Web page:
’Tis the season for friends, family, fun and well, um, ah — fruitcake. Yes, fruitcake. This year National Fruitcake Day takes place on Dec. 27. Yes, I know it is a heavy subject for the holiday season. First among equals on the Carroll holiday food passion meter seems to be the topic of fruitcake. Perhaps it is a result of our combined English and German heritage, in which the virtues of fruitcake seem to have played a role.
After all, nothing warms the heart like fruitcake on a cold Carroll County night. I have been told that fruitcake burns — forever — in the fireplace at a rather high temperature and it adds a brilliant display of holiday colors to the flames.
The subject of fruitcake arrived when I was recently asked what was my favorite food during the holidays. To which I answered, “Yes.” Although food is one of my favorite writing topics, I have not found the nerve to write about fruitcake often in the past because it gets such a rise out of folks. Nevertheless, portions of this column have been soaked in sugar and published before — as recently as December 2017 — and served with tea.
Fruitcake has received a bad rap over the years. That’s probably because folks haven’t had homemade dark fruitcake with icing — a Southern tradition. According to various learned commentaries on the virtues of fruitcake, the concoction of chopped candied fruit, nuts, and spices — and plenty of alcohol — was quite popular in Victorian teas in 19th century England; where many know the holiday cake as “Christmas Cake.”
Another variation of fruitcake — or “fruit bread,” is called “panforte,” and has its roots in Siena in the Tuscany region of Italy. This variation may date back, according to various conflicting accounts, to the 12th or 13th century. Some refer to Panforte as “Siena Cake.” Another slightly different variation is known as “panpepato.” According to some old file notes, “Documents from 1205 show that “panforte” was paid to the monks and nuns of a local monastery as a tax or tithe which was due on the seventh of February that year.”
“Literally, panforte means “strong bread” which refers to the spicy flavor. The original name of panforte was ‘panpepato,’ peppered bread, due to the strong pepper used in the cake…”
The German variation of fruitcake is a Christmas treat known as lebkuchen, also called pfefferkuchen, which is more like a German gingerbread.
In a sermon by Unitarian Universalist Rev. Ann C. Fox on Jan. 1, 2006, she said, “By the time of the Revolutionary War, it is my opinion that the disparagement of the fruitcake had begun. Benjamin Franklin is rumored to have said, when there was a shortage of bullets that they should use — yes – pieces of fruitcake … During the Civil War, Southern ladies gave packages of fruit cake to their sweethearts who went off to war …”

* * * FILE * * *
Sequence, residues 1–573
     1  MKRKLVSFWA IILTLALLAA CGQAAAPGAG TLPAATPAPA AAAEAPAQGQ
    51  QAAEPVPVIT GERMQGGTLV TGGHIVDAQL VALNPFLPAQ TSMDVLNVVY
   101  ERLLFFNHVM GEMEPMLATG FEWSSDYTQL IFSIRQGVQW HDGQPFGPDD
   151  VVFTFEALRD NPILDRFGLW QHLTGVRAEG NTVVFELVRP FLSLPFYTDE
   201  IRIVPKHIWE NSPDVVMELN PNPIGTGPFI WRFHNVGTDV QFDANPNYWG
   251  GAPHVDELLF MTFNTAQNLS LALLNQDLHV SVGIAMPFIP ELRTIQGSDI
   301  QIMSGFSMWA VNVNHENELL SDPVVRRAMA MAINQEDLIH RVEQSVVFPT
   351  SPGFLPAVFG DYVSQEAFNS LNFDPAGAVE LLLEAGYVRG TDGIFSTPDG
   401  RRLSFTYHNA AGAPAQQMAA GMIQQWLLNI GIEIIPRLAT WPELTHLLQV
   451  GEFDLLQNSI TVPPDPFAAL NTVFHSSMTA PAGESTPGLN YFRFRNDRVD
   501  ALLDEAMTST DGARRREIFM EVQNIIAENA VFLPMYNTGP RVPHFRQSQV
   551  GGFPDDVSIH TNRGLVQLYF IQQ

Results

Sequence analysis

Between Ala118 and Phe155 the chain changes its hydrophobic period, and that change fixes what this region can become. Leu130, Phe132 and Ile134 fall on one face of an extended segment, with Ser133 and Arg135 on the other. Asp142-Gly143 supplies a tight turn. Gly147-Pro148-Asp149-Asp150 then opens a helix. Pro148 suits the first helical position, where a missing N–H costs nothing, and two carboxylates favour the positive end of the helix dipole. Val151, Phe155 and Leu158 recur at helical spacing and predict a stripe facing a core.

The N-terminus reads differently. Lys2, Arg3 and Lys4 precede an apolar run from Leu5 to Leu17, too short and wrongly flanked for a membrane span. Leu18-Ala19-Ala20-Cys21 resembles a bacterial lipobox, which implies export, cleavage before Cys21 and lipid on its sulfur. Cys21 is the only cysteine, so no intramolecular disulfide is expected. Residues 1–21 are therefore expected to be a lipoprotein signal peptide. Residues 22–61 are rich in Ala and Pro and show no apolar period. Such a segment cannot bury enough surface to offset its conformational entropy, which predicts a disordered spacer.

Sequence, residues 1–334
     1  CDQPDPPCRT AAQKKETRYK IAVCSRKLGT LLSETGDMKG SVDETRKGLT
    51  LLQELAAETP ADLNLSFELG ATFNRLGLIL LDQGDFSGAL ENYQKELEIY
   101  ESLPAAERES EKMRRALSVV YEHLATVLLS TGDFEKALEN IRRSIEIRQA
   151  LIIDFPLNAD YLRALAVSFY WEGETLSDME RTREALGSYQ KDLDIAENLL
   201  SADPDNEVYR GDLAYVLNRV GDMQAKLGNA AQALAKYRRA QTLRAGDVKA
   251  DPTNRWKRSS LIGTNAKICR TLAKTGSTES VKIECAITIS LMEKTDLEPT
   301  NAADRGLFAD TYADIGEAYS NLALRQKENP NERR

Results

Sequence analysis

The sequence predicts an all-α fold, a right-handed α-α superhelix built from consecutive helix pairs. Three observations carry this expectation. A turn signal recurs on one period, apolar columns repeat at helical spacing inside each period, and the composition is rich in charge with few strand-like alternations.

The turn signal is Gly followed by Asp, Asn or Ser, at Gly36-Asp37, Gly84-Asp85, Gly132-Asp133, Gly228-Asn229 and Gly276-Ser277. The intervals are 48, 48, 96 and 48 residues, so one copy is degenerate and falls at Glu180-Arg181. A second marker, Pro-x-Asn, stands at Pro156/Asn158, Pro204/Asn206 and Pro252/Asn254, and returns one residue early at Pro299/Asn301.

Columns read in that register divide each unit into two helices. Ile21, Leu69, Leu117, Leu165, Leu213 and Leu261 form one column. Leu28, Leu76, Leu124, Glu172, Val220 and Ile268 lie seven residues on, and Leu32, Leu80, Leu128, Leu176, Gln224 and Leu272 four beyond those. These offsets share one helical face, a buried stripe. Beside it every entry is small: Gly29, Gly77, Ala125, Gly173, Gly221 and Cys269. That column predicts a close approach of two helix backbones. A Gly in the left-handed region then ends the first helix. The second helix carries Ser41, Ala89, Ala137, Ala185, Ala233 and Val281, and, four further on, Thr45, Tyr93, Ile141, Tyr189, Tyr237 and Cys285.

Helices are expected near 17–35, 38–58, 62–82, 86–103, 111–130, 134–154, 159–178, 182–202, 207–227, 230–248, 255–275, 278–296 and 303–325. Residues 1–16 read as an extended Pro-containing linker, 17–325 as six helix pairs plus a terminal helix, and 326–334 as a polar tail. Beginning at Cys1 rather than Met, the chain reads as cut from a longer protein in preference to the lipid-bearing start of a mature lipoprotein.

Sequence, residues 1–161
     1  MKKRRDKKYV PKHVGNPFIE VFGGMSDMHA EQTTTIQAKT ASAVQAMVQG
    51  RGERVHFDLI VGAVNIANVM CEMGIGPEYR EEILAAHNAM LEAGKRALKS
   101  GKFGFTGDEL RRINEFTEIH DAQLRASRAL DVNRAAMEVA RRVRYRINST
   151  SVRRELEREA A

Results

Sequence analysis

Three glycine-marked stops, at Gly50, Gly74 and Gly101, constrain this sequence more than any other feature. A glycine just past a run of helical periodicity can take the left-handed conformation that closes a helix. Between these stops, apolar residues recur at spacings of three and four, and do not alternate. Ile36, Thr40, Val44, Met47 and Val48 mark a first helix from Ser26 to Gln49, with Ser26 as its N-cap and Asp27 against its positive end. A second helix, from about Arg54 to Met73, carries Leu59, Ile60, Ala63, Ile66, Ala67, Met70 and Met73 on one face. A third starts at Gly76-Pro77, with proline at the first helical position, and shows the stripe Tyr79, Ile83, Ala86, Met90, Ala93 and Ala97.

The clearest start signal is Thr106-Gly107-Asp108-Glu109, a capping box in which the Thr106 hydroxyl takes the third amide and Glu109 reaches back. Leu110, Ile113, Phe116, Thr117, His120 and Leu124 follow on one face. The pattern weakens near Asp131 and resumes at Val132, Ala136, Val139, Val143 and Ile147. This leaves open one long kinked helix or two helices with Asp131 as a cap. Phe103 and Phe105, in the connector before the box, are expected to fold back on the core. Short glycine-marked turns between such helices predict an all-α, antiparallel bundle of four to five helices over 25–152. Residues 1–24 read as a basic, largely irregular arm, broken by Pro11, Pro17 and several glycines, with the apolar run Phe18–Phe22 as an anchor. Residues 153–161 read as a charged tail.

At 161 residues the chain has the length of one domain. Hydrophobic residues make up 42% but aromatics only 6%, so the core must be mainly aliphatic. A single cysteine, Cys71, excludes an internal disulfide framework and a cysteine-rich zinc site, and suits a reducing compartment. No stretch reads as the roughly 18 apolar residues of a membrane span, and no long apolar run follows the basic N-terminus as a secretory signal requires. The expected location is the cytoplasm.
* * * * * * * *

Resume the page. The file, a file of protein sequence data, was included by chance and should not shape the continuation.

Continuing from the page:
A colleague recently asked if it was legal to sell fruitcake in Carroll County. Well, when it comes to heavy subjects, I usually like to go straight to the top and get in touch with Westminster Police Chief Tom Ledwell, and Carroll County Sheriff Jim DeWees. Both responded that to the best of their knowledge it is legal to sell fruitcake. Neither responded as to whether or not there was a seven-day waiting period before you can actually take possession of a fruitcake.
Actually, the history of the fruitcake is quite fascinating. It is reported that fruitcake first burst upon the food scene during the days of ancient Egypt and the Roman Empire.
According to food writer, Marjorie Dorfman, “Egyptian fruitcake was considered an essential food for the afterlife and there are those today who maintain that this is the only thing they are good for. In ancient Rome, raisins, pine nuts, and pomegranate seeds were added to barley mash, making the fruitcake not only handy and lethal catapult ammunition.”
It was the arrival of cheap sugar from the American colonies that really got the fruitcake going in Europe in the 1600s. It was at that time folks discovered that high concentrations of sugar could preserve and actually intensify the color and flavor of fruits.
The legendary longevity of fruitcake is actually by design. It was used as food on the road by intrepid armies and crusaders throughout history. By the 14th century fruitcake was made after the fall harvest and stockpiled as a foodstuff for the following year — or decades.
Dorfman also writes, “Even today it remains a custom in England for unmarried wedding guests to put a slice of dark fruitcake under their pillow at night so they will dream of the person they will marry.” Now that is romantic.
How fruitcake became associated with the holidays may stem from a tradition in the 1700s when the English gave away slices of fruitcake to the poor who sang Christmas songs in the street.
Nevertheless, in age of so much strife and discord, I yearn for a time when peace will rule the planets and I can gather slices of fruitcake by roaming the neighborhood singing Christmas songs. To paraphrase Rev. Fox, I’m praying that we let go those things that trouble us or make life more difficult for us.
Kevin Dayhoff writes from Westminster. His Time Flies column appears every Sunday. Email him at firstname.lastname@example.org.